It was a rainy day in most of NM, but what a welcome relief to be getting moisture! As we hastily hiked the lower Copper Trails, we noticed the prickly pear seemed to be draped in a more-than-usual white fuzz, and it wasn’t cotton ball shaped but dripping and running down hundreds of cactus pads. Every direction we turned we found nearly every prickly pear to be covered…………………. And then we spotted hundreds of thousands of brilliant scarlet red bodies of the cochineal insect ….. exposed, naked and frantically trying to hold onto their food source, the vertical surfaces of prickly pear pads. The rain had “melted” their protective coats of fine white wax and the green pads of the cactus looked white washed.
One of the weediest places we camped during our recent Reservoir tour, Santa Cruz Recreation Area, became a floral hot spot of discovery, at least for me. I shared a photo sampling of some of the flora in my last post……
Two new-to-me members of the Potato family really stood out. A plant called Greenleaf Five-eyes and another simply called Wild Potato.
Oh I do love purple …… not sure why? Anything purple and any shade of purple ….. even a hint of purple will do! As a kid (then and now) my most treasured possession was a new box of crayons. Breaking the seal and inhaling that delicious aroma of color (admit it …. you know the smell) was only the first step in my love affair. Removing each crayon, one-by-one, and taking them for a test drive soon followed, with special care and attention paid to the purples, with names like ……….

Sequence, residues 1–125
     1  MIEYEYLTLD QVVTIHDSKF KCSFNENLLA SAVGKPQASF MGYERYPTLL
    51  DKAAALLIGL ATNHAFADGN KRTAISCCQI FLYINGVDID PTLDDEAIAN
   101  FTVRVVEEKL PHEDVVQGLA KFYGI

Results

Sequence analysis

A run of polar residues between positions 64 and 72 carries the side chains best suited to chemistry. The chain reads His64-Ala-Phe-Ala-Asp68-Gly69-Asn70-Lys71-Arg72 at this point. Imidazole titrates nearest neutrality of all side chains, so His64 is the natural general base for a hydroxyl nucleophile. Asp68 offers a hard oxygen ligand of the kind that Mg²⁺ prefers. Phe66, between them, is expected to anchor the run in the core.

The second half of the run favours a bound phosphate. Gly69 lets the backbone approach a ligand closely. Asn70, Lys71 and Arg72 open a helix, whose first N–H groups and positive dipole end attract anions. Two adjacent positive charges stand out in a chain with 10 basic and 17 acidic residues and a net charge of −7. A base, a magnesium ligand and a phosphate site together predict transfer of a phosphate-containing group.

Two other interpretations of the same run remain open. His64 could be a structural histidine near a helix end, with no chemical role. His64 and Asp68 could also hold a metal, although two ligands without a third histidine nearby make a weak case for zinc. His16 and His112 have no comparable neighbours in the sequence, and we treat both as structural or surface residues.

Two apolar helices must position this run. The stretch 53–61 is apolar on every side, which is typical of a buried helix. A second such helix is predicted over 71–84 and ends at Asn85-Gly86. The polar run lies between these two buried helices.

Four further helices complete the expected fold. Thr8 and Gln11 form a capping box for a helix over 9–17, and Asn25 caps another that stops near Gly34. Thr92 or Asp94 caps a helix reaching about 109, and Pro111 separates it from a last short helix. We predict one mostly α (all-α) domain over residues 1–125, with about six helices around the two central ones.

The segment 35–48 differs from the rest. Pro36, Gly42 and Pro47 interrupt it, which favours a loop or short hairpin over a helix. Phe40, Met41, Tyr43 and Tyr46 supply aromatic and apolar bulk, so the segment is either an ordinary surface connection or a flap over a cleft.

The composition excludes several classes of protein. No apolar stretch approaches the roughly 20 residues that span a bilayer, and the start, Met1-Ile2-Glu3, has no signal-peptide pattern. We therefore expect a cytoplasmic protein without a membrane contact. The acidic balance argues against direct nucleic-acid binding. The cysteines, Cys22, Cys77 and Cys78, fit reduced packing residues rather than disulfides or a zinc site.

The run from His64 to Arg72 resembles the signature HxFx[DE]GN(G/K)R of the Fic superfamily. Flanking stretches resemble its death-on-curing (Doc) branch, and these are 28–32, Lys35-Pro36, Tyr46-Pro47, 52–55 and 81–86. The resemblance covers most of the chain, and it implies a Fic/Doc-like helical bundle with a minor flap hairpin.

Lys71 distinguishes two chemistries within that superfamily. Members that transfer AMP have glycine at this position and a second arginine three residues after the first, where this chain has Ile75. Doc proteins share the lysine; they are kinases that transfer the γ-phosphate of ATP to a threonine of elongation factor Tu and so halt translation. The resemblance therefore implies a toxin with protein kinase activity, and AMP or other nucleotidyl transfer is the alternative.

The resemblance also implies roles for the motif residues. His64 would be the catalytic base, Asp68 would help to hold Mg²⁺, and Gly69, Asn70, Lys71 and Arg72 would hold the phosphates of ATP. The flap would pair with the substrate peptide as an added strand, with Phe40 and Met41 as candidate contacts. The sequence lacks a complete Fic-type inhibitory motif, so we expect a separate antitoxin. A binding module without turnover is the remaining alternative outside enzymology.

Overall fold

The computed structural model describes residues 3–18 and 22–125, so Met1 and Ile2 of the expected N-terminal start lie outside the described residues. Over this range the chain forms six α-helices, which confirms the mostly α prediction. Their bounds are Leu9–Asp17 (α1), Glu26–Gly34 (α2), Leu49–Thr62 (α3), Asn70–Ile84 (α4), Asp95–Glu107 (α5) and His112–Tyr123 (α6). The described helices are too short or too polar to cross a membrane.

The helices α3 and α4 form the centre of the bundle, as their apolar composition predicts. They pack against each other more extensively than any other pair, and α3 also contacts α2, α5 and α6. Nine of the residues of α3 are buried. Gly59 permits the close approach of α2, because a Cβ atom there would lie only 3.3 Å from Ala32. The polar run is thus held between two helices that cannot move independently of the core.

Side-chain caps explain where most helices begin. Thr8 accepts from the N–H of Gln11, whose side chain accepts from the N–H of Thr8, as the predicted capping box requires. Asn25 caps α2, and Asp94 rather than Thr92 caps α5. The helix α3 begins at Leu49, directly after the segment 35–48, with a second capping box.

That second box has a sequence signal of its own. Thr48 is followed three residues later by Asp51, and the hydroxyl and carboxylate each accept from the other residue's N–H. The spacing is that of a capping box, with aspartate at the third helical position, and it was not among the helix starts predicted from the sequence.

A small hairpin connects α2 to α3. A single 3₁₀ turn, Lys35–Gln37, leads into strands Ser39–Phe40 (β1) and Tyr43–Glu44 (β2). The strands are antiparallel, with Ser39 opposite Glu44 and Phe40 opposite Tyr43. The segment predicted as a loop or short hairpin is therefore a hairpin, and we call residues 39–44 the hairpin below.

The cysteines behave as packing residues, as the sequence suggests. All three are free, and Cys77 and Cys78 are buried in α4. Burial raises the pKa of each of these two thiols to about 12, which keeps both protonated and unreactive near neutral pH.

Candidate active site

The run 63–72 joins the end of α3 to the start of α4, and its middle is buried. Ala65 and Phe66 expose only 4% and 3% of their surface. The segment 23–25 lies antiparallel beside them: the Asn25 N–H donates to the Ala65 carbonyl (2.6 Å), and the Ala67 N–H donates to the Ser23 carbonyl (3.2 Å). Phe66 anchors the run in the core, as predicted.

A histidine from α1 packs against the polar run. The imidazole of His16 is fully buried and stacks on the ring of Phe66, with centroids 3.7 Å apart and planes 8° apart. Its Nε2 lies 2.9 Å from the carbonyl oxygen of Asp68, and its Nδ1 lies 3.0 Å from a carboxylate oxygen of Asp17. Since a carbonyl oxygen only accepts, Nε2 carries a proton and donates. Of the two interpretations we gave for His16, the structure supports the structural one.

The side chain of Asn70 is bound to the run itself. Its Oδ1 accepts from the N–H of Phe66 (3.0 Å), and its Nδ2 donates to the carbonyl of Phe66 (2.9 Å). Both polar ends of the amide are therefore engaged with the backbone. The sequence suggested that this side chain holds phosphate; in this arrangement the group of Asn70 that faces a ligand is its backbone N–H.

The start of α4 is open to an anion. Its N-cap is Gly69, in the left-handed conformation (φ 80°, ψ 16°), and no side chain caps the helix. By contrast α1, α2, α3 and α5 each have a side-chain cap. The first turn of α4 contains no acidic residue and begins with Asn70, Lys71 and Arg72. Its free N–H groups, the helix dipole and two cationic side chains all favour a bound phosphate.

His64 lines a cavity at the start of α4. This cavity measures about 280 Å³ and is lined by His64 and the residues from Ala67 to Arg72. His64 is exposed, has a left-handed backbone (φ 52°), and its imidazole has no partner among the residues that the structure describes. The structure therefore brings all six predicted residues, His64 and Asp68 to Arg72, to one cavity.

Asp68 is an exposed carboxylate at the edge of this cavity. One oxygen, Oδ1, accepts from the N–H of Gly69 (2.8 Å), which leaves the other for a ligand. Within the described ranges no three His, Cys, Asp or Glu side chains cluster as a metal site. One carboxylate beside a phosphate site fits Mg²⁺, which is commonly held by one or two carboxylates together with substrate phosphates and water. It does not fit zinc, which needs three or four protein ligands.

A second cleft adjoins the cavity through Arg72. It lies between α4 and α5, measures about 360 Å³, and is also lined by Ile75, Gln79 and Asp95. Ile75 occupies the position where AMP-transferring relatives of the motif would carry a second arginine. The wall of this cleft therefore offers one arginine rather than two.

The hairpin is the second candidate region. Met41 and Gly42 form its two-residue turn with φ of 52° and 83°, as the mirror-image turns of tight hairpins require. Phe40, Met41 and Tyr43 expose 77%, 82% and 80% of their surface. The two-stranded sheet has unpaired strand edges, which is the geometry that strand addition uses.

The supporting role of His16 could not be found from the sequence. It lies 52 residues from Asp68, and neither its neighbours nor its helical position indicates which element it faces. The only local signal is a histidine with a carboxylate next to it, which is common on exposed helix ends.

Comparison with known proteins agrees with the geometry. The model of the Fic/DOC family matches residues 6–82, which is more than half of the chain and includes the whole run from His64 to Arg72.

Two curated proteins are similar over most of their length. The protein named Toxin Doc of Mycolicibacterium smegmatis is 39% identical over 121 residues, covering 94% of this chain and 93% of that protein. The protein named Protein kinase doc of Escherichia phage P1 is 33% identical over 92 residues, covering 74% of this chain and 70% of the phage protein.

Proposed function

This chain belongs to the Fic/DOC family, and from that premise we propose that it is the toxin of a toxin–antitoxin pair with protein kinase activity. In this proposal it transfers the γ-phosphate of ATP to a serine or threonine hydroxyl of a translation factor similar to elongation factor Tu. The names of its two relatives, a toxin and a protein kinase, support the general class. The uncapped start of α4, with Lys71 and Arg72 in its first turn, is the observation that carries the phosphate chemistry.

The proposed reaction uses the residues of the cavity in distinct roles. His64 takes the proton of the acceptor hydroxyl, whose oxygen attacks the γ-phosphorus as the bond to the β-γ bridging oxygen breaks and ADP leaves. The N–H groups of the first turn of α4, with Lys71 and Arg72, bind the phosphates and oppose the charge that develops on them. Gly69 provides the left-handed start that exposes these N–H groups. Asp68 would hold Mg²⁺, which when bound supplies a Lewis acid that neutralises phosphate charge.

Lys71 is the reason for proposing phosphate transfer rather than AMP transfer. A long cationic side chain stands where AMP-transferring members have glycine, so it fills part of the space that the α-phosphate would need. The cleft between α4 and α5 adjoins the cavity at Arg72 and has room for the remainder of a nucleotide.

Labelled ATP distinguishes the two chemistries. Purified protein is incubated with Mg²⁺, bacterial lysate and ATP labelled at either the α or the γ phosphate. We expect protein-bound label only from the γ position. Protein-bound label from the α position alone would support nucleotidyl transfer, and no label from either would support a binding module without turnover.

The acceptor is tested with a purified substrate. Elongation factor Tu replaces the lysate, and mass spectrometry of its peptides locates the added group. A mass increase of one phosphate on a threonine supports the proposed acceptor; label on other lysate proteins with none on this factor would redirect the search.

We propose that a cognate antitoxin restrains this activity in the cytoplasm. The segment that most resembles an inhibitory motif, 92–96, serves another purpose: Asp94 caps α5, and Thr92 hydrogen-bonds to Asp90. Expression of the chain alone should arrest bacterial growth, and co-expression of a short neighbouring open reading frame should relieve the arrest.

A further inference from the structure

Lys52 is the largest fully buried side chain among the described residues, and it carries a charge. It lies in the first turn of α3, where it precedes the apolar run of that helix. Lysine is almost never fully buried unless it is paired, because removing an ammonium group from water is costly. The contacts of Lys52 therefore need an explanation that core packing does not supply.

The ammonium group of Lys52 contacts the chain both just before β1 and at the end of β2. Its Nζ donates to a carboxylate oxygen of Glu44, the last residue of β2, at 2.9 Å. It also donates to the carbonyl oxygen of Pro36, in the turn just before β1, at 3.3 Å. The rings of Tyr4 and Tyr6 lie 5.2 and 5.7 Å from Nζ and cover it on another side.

Vivid violet, wisteria, twilight lavender, pearly purple, purple pizzazz and purple mountain’s majesty. Who wouldn’t love cyber grape and lilac; or plump purple and sugar plum. How could here be so many purples!
So when I literally stumbled into a mound of the exquisitely purple-hued Silverleaf Nightshade, my surprise and delight was audible. While carefully removing countless nettle-like prickles from my hands, Roy heard me explain, “My “Crayola” Potato!”
Strolling the neighborhood on a cool July morning, in search of any newly-blooming botanical delights (thanks to our all-too-brief bout of monsoonal rains), from a distance I recognized something different. From a distance it looked like a common pepper plant, or maybe a spectacle pod? Coming closer I thought, “shepherd’s purse” with those tiny satchel-like seeds! Or could it be bedstraw, with such an intoxicating fragrance? Finally facing this spindly, narrow-leafed plant, I reached down to a stem and prepared to take a sniff when I was surprised twice!
An ant that had been busy gathering nectar (?) had leaped into my hand and bit me, hard! Obviously he was extremely upset at being disturbed and wanted me to know about it. I instantly dropped the stem and when I flicked the ant from my now throbbing finger, noticed an army of busy ants climbing up and down this tasty plant.
It was then that my surprise was complete. The flowers were unmistakable and recognizable. This plant was a member of the Dogbane family ….. a beautiful Milkweed! Now I had to learn which species of Asclepias this one was that had such tiny flowers?